Saturday 10 March 2012

A week in Broken Barnet

Clearing the roads of Broken Barnet for Councillor Coleman

Time for a brief catch up on recent news, here in Broken Barnet.

A week in politics is a very long time: a week in politics in Broken Barnet, you might say, is like an eternity sitting on Einstein's stove (ask Councillor Jack Cohen).

First of all, on Monday, we had the Standards hearing which found Cabinet member Brian Coleman in breach of the code of conduct, on two counts of failing to show respect to residents, and indeed treating them in a way that the investigator described as 'personally offensive, abusive, demeaning, and designed to cause hurt and distress to the recipient'.

Councillor Coleman remains as a Cabinet member, as indeed his Tory colleague Councillor Andreas Tambourides remains a member of the Standards Committee itself, even though he was found to have breached the code as well, at a hearing last year. Both members are appealing against the decision of the committee. Whether or not they will retain their positions should their appeals fail is not known. If the leader Cornelius or indeed any other councillor has made any comment on the Coleman case, Mrs Angry has yet to see it. You might hope that some view would be expressed, perhaps.

On with the other news of the week, then.

On Wednesday a story appeared in the Barnet Press featuring the young Tory deputy leader, Councillor Daniel 'John' Thomas, who has been forced into making an embarrassing apology for misleading statements he made in regard to the future of staff who are about to be outsourced. the article tells us:

"Staff from the Barnet Council's housing department could be handed at risk of redundancy notices the moment their contracts are transferred to arms-length management organisation Barnet Homes, as part of the council's controversial One Barnet outsourcing programme - despite the insistence in February from deputy leader and cabinet member for policy and performance Daniel Thomas that their jobs would be safe for at least a year.

Branch secretary for Unison John Burgess, told The Press that in meetings with Barnet Homes he had learned that an unspecified number of the 76 front-line and back-room staff could be issued with compulsory redundancy notices as soon as they move to the ALMO on April 2. He added that existing Barnet Homes staff were also facing redundancy as a result of the transfer.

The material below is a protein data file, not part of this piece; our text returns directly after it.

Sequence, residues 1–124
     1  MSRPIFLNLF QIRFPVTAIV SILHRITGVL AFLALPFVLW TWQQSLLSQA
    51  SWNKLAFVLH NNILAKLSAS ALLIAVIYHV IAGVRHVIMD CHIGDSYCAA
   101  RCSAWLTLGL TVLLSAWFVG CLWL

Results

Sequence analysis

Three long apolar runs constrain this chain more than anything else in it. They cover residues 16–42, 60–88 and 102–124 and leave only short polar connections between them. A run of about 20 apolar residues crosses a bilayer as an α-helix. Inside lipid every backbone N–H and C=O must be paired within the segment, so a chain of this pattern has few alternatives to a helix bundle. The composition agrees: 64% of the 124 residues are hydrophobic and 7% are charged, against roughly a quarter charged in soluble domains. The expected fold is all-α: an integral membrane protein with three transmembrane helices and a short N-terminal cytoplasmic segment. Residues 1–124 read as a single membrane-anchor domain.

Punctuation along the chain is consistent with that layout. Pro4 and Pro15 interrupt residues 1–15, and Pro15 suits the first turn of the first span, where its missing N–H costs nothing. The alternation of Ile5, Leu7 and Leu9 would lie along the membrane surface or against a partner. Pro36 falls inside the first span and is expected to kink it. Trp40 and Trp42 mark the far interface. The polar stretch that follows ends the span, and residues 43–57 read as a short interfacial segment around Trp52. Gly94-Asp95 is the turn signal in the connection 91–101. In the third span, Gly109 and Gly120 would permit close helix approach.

The transfer of housing services to Barnet Homes is one of the first in a raft of council services due to be outsourced during the One Barnet programme, which the council claims will deliver better services for less money.

On February 9 Mr Thomas was quoted in The Press criticising staff striking over the plans, and denied claims that jobs were at risk.

He originally said: "Any staff who move as part of the restructure will remain in local government pension scheme, keep the same level of pay and have a job guaranteed for 12 months at the very least from their move."

Mr Burgess said that many staff no longer felt they could trust the council's promises on One Barnet.

"People are very uneasy that the council is making all these commitments that apparently mean nothing," he said.

"A lot will be said before you are outsourced and then the moment before you're outsourced it will change."

Daniel Thomas said: "I have to apologise to staff, the statement was prepared quickly and officers did not check with HR before issuing it.

"Although pension rights are protected and terms and conditions are protected for one year, there is no guarantee that there will be no redundancies - just as there can be no such guarantee for staff remaining within the council."

As it happens, Mrs Angry was at the meeting recently where Thomas was speaking rather impatiently about staff objections to the transfer, and the risks of redundancy. A carefully prepared report by the union on the issue was simply ignored, and fears dismissed by Daniel Thomas with a remark to the effect that staff should be grateful for what was a great deal for them. At the time Mrs Angry was appalled by his attitude: to witness such a lack of concern for staff would be unacceptable in any councillors is bad enough, but to see such arrogance in someone of his relative youth and evident immaturity is particularly infuriating.

And what on earth does this apology tell us about the the Tory leadership here in Barnet? How could the deputy leader make such a huge error, and stand uncorrected for so long? If they do not understand the processes of the One Barnet programme, and the consequences for staff and residents, why should they be trusted to continue with its implementation?